Toyota Fined $60M for False Claims, Lending Issues

Toyota Credit Accused of Deceptive Financing Practices

Toyota Motor Credit Corporation (TMCC) has reached a deal to settle for the sum of $60 million which had been mandated by the Consumer Financial Protection Bureau (CFPB). Allegations had been previously made against the lender, part of the Toyota family, alleging they were prohibiting buyers from canceling bundled products frequently linked to vehicle purchases. Furthermore, it was maintained that fake statements were submitted to crediting bureaus impacting the credit ratings of those affected.

According to the CFPB’s press release, consumers who had grievances concerning unwanted products were often directed to internal customer service teams where the process of having them removed or refunded was overly complex. While the types of products weren’t specified, the CFPB noted that additional costs ranged from $750 to $2,500 per auto loan. Allegedly, some Toyota dealerships misled customers by claiming these products were mandatory and refunds issued were not always for the full amount. The CFPB reports that between 2016 and 2021, 118,000 customers dialed a “dead-end cancellation hotline”.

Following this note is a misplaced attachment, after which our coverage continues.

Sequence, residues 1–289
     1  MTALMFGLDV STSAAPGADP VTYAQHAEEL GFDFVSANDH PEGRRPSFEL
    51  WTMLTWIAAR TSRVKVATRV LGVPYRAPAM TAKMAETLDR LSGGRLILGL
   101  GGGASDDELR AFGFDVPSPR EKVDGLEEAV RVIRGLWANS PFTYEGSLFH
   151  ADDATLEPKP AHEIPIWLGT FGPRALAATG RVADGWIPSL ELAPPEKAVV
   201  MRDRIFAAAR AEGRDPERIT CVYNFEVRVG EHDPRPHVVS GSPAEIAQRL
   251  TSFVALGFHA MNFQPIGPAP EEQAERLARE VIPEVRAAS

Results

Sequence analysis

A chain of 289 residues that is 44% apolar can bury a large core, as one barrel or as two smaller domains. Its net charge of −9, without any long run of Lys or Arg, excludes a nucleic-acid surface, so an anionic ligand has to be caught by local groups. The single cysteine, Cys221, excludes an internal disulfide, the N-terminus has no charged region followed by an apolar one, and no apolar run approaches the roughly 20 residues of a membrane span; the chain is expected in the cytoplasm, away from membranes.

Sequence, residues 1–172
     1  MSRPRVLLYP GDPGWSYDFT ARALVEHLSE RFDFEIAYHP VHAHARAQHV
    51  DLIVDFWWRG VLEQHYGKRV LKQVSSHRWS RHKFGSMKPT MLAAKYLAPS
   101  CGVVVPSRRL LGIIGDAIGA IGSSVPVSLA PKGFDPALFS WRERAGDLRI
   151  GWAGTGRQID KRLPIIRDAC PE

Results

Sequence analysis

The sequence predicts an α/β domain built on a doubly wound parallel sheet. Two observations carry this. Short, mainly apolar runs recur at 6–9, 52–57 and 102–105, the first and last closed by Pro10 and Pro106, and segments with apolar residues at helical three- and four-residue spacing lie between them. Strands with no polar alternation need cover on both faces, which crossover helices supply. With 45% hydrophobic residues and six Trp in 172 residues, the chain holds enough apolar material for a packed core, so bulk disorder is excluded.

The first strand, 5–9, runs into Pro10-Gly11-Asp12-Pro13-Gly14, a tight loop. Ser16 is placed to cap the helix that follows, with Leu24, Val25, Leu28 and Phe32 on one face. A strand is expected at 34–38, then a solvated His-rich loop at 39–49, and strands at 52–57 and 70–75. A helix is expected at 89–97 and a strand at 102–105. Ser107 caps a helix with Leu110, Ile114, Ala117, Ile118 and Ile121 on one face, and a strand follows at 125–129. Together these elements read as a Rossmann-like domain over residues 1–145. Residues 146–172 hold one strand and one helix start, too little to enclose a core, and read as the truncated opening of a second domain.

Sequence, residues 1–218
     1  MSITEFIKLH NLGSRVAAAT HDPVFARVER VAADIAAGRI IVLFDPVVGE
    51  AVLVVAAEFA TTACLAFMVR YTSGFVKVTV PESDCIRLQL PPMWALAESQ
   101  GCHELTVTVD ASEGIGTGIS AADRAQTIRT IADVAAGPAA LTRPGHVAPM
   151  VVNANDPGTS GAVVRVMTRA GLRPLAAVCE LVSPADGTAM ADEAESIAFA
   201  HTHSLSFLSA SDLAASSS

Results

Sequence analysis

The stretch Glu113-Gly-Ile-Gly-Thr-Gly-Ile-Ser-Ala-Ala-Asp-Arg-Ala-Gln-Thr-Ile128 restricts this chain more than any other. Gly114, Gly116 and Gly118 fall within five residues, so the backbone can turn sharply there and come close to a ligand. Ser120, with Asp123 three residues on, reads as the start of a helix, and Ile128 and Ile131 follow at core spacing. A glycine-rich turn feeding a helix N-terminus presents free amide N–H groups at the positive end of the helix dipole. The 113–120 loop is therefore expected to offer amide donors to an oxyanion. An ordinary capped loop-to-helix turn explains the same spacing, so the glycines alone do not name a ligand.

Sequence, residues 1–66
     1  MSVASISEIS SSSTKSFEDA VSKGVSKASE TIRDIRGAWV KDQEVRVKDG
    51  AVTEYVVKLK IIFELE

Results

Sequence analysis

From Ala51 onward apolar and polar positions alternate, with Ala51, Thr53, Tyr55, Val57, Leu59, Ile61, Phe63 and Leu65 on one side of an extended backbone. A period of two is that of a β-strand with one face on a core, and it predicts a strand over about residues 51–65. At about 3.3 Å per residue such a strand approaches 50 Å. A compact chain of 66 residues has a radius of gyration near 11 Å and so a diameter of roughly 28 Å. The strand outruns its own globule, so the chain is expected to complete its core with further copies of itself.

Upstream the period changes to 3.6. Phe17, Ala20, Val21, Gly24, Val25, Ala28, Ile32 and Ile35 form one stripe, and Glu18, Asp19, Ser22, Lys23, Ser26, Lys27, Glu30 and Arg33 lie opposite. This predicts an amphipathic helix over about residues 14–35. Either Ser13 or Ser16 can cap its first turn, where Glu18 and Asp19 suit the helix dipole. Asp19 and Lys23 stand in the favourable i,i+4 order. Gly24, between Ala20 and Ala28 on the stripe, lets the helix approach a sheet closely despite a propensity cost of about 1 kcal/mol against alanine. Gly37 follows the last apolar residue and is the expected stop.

“Toyota Financial Services has been accused of unlawfully withholding reimbursements, making customers jump through hoops to cancel services they don’t need, and damaging their credit reports,” said CFPB Director Rohit Chopra. “Since many Americans are already struggling with car loan payments, we will keep on holding large auto lenders accountable for any fraudulent behavior.”

The CFPB has declared that TMCC reported inaccurate information to credit agencies about some accounts even though customers had returned leased vehicles. Additionally, these mistakes were not remedied in a timely way. Reuters reveals that 27,500 TMCC clients had wrong data on their records which detrimentally affected their credit scores.

In a proclamation to Motor1, Toyota accepted no liability but reasoned to accord to the conditions of the arrangement.

In accordance with the agreement, TMCC is going to remit $48 million to those affected and a fine of $12 million to the CFPB Victims Relief Fund.

Source: Consumer Financial Protection Bureau

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